I have a Canon 5DMIII, which I’ve increasingly felt bad for. Namely because of haters. They say the Epic and Black Magic are better video options and the Nikon D800 simply better. I’ve defended the 5D saying it’s still the best option for someone who shoots video and stills. But, yes, I’ve had my doubts. However, in the last week, things have changed. First, my camera will be able to deliver clean HDMI out, so you can record uncompressed footage with an external reader. Second, and this is a big one, the 5D might very well have the capability to capture 2K raw resolution! Yes, this is OMG-worthy and ups the ante for HDSLR shooters who’ve kept the faith in Canon.
Yes, this type of Co-Create article gets my attention, speaking of an inevitable fully-indie blockbuster movie that changes the model in the same fashion as Mackelmore (music) and 50 Shades of Grey (literature?).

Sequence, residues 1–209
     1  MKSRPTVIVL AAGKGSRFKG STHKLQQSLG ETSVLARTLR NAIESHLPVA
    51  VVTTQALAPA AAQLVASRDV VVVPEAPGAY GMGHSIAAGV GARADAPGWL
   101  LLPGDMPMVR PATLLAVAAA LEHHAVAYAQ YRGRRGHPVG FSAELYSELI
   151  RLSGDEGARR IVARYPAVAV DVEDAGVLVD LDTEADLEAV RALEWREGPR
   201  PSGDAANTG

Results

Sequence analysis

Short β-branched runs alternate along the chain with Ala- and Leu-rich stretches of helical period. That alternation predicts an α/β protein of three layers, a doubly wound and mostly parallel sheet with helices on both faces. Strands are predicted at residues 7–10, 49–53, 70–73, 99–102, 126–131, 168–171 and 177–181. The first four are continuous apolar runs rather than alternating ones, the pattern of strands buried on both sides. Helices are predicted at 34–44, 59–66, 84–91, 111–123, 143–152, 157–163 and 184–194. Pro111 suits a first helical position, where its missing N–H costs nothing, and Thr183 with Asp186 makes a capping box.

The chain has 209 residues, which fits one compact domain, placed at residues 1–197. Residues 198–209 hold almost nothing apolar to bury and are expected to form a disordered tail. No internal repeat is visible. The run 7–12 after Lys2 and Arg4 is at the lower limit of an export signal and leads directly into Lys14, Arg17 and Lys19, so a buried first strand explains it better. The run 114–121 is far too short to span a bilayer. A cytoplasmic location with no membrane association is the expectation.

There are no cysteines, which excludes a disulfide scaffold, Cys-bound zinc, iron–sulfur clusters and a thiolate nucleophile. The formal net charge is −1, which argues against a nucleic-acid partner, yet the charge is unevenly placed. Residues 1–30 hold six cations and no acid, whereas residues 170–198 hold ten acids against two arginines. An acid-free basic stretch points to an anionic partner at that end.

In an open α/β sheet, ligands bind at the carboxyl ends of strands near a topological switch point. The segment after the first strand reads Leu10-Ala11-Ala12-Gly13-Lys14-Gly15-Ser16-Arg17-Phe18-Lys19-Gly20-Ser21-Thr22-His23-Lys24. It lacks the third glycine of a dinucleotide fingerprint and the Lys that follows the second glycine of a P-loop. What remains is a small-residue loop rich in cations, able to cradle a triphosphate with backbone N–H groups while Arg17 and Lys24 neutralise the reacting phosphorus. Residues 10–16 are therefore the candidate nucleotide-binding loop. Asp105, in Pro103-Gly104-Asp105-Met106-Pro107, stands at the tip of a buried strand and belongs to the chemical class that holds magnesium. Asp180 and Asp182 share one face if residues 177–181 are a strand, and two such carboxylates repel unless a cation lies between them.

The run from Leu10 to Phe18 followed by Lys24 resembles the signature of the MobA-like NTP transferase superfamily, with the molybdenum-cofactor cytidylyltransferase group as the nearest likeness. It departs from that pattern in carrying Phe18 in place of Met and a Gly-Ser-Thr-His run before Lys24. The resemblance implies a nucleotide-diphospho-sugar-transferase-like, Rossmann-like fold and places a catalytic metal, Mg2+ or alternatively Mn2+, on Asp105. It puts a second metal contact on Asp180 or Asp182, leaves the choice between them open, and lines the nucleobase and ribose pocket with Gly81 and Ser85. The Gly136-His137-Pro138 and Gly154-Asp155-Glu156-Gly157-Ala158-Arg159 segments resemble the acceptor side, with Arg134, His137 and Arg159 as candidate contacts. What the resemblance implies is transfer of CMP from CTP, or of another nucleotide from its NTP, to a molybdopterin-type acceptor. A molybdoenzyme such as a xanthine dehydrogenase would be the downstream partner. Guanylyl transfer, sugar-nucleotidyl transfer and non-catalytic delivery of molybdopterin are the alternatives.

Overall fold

Eric Kuhn, the head of social media at United Talent Agency, thinks the conditions for a hit are already in place. “Social media provides the reach, broadband streaming provides the distribution, and the public has shown the willingness to consume premium content in new ways,” he says. “The system is ready for it. It’s just needs the confluence of the right film and the right moment.”
Wait, I’m a filmmaker AND an entrepreneur AND a digital marketer. I guess it’s up to me to make this happen. Game on.
It seems that every week there is a new revolution in filmmaking. But this, this has potential. There are a few videos of the MōVI” digital 3-axis gyro-stabilized handheld camera gimbal noted by Vincent LaForet, but I feel this one shows what terror it could reign. Now can anyone spot me $15K?